One of those affected was Banaba, also known as Ocean Island.
It was so denuded by 80 years of mining that the British colonial authorities relocated its people to nearby RabiI (rham-beel) Island in Fiji.
Now, one Banaban islander and his Australian wife, whose family was involved in phosphate mining for four generations, have built up a company offering work for as many Banabans as the mining once did, and it's all down to coconut oil.
Presenter: Sean Dorney, Pacific Correspondent, Australia Network
Speaker: Ken Sigrah, Co-owner & Director, Nature Pacific; Stacey King, Co-owner & Director, Nature Pacific
On Australia's Gold Coast the Fijian flag flies outside a recently refurbished factory. The warehouse here is taking delivery of yet another container filled with drums of virgin coconut oil.
This container carries 16,000 litres of oil. I go through a container like this - almost four containers a month.
Business owner Ken Sigrah was uprooted from Banaba with the rest of his people and resettled in Fiji, when the island was rendered uninhabitable after 80 years phosphate mining.
["Ken Sigrah - Co-owner and Director of Nature Pacific"]
By the time they finished they actually destroyed almost 95% of the mainland. Now almost all you can see on Banaba is a forest of pinnacles - 80 feet high. You can't grow anything there! And, well, we were promised that our land would be dug up, would be reburied and replanted. We never get that. We are promised that we will be given compensation - that never happened!
Ken was the clan spokesman and the island's elders asked him to collaborate with Stacey King whose family had worked in the mine and she wanted to write a book.
["Stacey King - Co-owner and Director of Nature Pacific"]
Even though my great-grandfather worked as the chief overseer for the mining company he had taken glass plate photography of old villagers. It wasn't just of mining it was of the people. It was of villages. And I realised when I wrote the book this was all lost. This was gone because of mining. Because of what our families, all these Australians and New Zealanders, you know, we're all part of it. I'm a mining, I'm the daughter of the, the miners.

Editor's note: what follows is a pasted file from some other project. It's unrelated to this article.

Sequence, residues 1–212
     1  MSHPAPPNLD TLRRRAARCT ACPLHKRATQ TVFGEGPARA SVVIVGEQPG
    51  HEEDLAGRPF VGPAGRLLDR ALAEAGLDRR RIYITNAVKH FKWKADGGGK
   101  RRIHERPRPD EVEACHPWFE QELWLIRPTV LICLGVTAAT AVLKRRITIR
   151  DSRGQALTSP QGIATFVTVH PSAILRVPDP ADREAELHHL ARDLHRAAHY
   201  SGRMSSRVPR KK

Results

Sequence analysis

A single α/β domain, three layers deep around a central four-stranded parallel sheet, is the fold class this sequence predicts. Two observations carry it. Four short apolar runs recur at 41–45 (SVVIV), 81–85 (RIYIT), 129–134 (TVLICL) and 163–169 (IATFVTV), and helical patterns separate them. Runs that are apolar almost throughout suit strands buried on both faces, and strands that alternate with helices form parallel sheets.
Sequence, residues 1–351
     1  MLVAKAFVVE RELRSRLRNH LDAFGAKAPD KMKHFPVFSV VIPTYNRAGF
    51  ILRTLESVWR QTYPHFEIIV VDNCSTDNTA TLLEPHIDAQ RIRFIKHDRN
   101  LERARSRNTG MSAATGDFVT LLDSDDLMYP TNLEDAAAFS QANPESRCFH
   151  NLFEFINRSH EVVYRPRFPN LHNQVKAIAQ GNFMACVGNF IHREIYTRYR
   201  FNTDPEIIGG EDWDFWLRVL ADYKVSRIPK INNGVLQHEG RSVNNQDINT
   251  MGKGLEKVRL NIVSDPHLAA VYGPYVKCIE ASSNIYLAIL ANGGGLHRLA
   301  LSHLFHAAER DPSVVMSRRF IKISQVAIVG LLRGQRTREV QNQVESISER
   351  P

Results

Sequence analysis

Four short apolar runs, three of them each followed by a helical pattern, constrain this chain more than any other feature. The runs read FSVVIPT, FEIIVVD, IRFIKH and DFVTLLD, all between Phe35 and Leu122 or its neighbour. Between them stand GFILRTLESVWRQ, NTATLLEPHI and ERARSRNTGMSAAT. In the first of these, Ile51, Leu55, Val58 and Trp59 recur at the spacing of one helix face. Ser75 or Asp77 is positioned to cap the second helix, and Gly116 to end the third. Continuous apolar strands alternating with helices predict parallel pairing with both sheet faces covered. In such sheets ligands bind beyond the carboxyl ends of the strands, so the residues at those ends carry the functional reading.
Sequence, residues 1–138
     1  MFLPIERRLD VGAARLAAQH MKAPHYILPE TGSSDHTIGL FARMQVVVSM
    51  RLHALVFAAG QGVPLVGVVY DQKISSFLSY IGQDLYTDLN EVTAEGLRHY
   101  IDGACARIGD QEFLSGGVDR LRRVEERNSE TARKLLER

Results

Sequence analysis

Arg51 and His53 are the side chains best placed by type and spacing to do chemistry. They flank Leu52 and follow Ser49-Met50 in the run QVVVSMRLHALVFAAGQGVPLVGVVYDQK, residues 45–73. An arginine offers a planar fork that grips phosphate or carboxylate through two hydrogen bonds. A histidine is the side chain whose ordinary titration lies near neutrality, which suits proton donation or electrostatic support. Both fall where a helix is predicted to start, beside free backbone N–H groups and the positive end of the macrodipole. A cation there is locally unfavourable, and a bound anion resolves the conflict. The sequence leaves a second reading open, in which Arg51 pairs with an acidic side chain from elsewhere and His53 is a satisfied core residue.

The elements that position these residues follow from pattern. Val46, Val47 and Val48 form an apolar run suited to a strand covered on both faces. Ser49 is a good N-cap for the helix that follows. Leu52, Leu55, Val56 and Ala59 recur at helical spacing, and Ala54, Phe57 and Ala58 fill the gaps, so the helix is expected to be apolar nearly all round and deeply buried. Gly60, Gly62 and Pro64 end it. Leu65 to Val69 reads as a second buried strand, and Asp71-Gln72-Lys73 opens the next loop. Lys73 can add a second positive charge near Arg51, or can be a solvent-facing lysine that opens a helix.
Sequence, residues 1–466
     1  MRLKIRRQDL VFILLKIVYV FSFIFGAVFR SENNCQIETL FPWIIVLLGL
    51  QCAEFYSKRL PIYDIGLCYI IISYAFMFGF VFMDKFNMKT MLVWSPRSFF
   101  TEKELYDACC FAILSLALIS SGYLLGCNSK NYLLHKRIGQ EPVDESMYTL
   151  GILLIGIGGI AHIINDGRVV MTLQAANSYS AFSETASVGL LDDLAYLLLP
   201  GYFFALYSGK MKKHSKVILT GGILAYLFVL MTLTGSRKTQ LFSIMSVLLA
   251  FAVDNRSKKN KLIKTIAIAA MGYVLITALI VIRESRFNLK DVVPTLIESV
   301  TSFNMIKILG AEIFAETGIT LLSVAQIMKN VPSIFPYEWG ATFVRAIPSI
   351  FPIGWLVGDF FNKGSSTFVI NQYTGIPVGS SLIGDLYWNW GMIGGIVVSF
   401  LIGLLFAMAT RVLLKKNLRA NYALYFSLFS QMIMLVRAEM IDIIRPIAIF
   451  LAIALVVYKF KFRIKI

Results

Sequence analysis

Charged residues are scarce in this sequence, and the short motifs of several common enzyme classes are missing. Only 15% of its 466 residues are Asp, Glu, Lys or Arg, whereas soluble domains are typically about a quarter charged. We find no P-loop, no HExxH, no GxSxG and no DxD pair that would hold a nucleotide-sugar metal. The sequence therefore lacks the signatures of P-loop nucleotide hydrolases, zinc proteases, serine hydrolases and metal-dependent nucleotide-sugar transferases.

They say part of their motivation for starting the coconut oil company was to help the Banaban people.
And we tried to work out if there's some sort of kind of business that we can do in order to work with our people back home. And one of my adopted brother - he's a Fijian guy - who actually thought about, 'Why don't we start coconut oil?'
[Stacey King ]
Ironically this whole company started on these bottles here. And they're scented oil. All these fragrances go back to exactly what the Banabans do. So there's Frangipani, Ylang Ylang. These all grow in Fiji now. These simple little bottles that used to be $4.50 - we used to pack them in our garage - the next thing is the Australian Aboriginals got interested in our products and they started buying it. And it was through a major co-operative out of Darwin. We were supplying coconut oil into the remotest places in Australia. But, today, the biggest selling products that we have - if you come around here - are all our foods and especially this one - our oils.
And the business is booming.
[Sigrah:] This is our best selling product - one litre Virgin Coconut Oil.
[Dorney:] Where will this be going, Ken? Where will you be shipping this to?
[Sigrah:] Australia wide. That's how the oil should look. Clear. Golden. And it's edible, edible oil.
Turnover this financial year could top 3.8 million Australian dollars.
Every year we sort of jump another million or we're sort of doubling up. Our profit gains have been between 55%, up to 73%, to 113% so it's just gone beyond our wildest imaginations really.
And export orders are growing.
[Sigrah:] Germany now - we've already sent a pallet to Germany. And a few weeks ago I think we have a deal with Canada.
[Dorney:] Did you ever think when you started in the garage that you would end up having something like this?
[Sigrah:] Not for a moment. In my dreams, yes. But not in reality!
The product is mostly sourced from a farm in Fiji employing Barnabans.
They now employ 50 of our Banaban families. And that means they get a house provided, their families live there, they're educated at the school there. That's been exciting to see, 50 people. And they're always looking for more people to come over from Rabi and work there.
The company has also set up an education foundation for Banaban children back on Rabi.
The project has actually expanded to about 135 students. So we started with just the little primary school children and now it goes up to high school. Things that we could never even imagine at the start we are able to do now because of a simple coconut and coconut oil.